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Thread: Trumpet en chamade

  1. #1
    Member AllanP's Avatar
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    Trumpet en chamade

    Most new organs, even small instruments, have an assertive trumpet en chamade. This is a relatively new fashion in organ design and was not used in the past except for Spanish organs. Why has it become fashionable to included such a stop which can only be used infrequently? Note that the same fashion is in vogue in the theatre organ world in adding a post horn (loud assertive trumpet) to original instruments.

    What do others think about this new fashion? It seems that this type of sound was not needed for most of the history of the organ but is a necessity now.

  2. #2


    Re: Trumpet en chamade

    BECAUSE IT LOOKS COOL!!!!!!!! Haha! I really dont know. At a collage near me there is an organ that has a full lenth 8 foot trumpet EC and It has a wounderful sound

  3. #3
    Senior Member Menschenstimme's Avatar
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    Re: Trumpet en chamade



    Because it is a fun luxury stop such as Chimes, Zimbelstern, 32's, Grand Cornets, etc. We have a vertical Festival Trumpet at church on 10-inches of wind. It also combines well with the Great Trompete to simulatea Tuba.




    As Livia Augusta said to Martina: "It's wind."




    []


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    Moderator jbird604's Avatar
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    Re: Trumpet en chamade



    Could be to some extent "life imitating art" in the sense of pipe organs picking up on a trend that started with electronics.




    Starting about 1980 or so, Rodgers began to feature a "Festival Trumpet" on all but the smallest organs. Allen offered a Card Reader Spanish Trumpet, andthe larger models of theold MOS organs often had atab marked "En Chamade" that switched one of the channels into a bellowing high-efficiency speaker that made the reeds blow you away.




    Obviously this isn't terribly expensive to do on an electronic.On the old analogs it only requiredan additional reed voice circuit piggy-backed on to the existing 8' pulse keyer. Even easier with digitals, you only need an appropriate sample. For best effect, of course, with either technology, a separate amp and speaker are nice but not essential.




    This crop of electronic festival trumpetsdrew renewedattention to the horizontal exposed trumpets that some pipe builders hadalways offered, making the stop more popular, and buyers felt the need to ask for it, even in modest instruments, as you say.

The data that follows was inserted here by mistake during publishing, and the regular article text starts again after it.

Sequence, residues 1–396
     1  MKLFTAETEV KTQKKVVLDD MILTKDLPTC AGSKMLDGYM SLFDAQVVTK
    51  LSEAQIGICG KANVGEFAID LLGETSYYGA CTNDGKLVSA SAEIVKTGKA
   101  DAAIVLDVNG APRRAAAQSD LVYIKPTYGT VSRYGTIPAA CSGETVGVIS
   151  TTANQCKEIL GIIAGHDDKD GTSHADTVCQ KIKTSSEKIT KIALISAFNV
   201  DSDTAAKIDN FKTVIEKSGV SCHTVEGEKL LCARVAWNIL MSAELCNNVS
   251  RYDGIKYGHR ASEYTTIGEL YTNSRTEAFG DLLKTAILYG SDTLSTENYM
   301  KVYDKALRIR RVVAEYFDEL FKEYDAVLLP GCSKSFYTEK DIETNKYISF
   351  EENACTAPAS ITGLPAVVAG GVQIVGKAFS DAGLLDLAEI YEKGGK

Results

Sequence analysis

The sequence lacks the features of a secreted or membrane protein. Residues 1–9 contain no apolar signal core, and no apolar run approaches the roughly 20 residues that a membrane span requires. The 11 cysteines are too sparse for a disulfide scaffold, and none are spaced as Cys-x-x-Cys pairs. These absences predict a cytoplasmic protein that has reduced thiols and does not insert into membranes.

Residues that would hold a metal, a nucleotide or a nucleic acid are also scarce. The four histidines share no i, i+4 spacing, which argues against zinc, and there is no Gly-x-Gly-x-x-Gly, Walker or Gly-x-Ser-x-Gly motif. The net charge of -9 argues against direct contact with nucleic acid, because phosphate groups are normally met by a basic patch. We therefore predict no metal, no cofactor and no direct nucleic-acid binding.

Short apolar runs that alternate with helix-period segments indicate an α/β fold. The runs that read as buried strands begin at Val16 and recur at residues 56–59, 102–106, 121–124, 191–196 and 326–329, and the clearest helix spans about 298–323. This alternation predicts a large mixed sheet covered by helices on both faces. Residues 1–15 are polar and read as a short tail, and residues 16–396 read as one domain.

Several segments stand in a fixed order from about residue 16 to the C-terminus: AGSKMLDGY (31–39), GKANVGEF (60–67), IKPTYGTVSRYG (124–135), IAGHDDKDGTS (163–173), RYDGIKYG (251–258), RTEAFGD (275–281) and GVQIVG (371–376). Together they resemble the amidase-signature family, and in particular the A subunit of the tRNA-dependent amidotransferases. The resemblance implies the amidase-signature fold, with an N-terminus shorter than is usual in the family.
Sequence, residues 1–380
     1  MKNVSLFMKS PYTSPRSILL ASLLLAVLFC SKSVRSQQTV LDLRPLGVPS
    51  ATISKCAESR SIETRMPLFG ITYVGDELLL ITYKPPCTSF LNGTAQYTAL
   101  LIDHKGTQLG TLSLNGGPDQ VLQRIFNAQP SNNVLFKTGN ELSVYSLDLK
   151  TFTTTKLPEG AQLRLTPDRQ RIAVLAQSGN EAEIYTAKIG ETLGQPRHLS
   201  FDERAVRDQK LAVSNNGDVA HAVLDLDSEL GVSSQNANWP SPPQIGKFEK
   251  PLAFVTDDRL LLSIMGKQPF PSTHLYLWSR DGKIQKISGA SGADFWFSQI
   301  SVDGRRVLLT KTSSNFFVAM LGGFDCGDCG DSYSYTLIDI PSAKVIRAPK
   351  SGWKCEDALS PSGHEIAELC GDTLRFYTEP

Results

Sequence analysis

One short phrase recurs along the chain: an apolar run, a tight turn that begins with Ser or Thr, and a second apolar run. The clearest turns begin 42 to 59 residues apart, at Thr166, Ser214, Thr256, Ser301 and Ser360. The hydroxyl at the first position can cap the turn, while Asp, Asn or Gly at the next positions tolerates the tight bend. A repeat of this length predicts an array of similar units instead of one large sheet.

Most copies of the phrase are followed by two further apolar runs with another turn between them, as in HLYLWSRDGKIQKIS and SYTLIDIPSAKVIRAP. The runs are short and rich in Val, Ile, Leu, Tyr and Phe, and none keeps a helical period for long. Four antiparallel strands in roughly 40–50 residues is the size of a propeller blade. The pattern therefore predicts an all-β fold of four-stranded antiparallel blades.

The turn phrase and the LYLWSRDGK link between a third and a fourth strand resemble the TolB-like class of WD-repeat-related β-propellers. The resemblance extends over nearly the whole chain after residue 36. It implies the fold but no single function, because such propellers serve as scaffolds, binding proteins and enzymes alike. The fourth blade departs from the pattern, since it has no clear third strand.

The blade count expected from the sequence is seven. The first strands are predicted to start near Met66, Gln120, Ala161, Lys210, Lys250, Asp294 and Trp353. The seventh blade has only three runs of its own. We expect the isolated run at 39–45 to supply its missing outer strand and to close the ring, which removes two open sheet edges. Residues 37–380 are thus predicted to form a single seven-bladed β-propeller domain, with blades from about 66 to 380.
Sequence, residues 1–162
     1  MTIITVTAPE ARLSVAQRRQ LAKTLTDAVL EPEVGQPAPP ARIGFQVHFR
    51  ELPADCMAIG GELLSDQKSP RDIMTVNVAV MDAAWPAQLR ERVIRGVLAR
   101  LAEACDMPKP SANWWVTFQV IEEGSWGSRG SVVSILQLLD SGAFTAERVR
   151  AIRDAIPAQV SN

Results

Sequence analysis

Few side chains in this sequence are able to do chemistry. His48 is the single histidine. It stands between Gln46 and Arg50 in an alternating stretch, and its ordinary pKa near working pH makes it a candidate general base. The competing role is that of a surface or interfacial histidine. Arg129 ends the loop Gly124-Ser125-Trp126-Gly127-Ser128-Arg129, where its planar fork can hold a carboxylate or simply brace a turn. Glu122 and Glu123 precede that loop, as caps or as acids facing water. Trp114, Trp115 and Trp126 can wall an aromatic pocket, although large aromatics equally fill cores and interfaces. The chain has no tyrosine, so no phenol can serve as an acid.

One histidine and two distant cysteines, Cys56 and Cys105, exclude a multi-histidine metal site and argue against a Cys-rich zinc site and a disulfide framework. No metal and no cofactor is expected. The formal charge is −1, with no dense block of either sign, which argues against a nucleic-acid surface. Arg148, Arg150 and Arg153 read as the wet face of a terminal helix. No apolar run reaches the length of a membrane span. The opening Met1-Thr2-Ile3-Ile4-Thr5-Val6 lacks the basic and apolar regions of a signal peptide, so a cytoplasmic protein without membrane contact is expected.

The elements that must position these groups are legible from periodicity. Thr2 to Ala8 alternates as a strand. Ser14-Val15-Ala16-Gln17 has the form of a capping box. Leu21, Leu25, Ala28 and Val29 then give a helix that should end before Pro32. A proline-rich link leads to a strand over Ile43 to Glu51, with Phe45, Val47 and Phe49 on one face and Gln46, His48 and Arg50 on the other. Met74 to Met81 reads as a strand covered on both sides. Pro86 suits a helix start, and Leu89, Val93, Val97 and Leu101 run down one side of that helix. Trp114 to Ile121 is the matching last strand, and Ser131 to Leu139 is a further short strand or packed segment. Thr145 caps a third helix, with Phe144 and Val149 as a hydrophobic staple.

But, aren't they awesome!Certainly an organ should first of all have a full complement of the standard stops, but if money and space permit, why not an en chamade? Sure is a crowd-pleaser.




    John


    John
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  5. #5
    Member Jay999's Avatar
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    Re: Trumpet en chamade



    Hi Allen...Well, a theatre organ needs a Post Horn once it gets over twelve ranks, or so. It's another tasty solo stop that's great for Baritone solos, riffs in the brass section. The Atlanta Fox has the most awesome 16' pedal post horn...it leaves the audience just breathless! Wow, I can hear it thundering across that 1/2 square block right now~!




    Same can be said of Trumpets en-chamade, Festival Trumpets, etc.




    But they must be used with intelligence, and good taste. I have a friend down in Florida that only uses his en-chamade in a phrase of music, here and there. Such restraint leaves one wanting more. Talk about going to church for the music! On the other hand, I have a client that lays down on his Festival Trumpet with all ten fingers every time he gets up to full organ. It's a killer on everybodys ears, and I'm quite sure that many people have left that church and gone else where because of his loud playing.




    Something of a legend that accompanies the Wurlitzer Publix Special (a 4 manual, 20 rank organ), designed by Jesse Crawford....when asked, "why not a Post Horn on such a large instrument?"; Crawford was quoted as saying...."so the organist of that theatre won't abuse the audience with it".


  6. #6
    Member saudade's Avatar
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    Re: Trumpet en chamade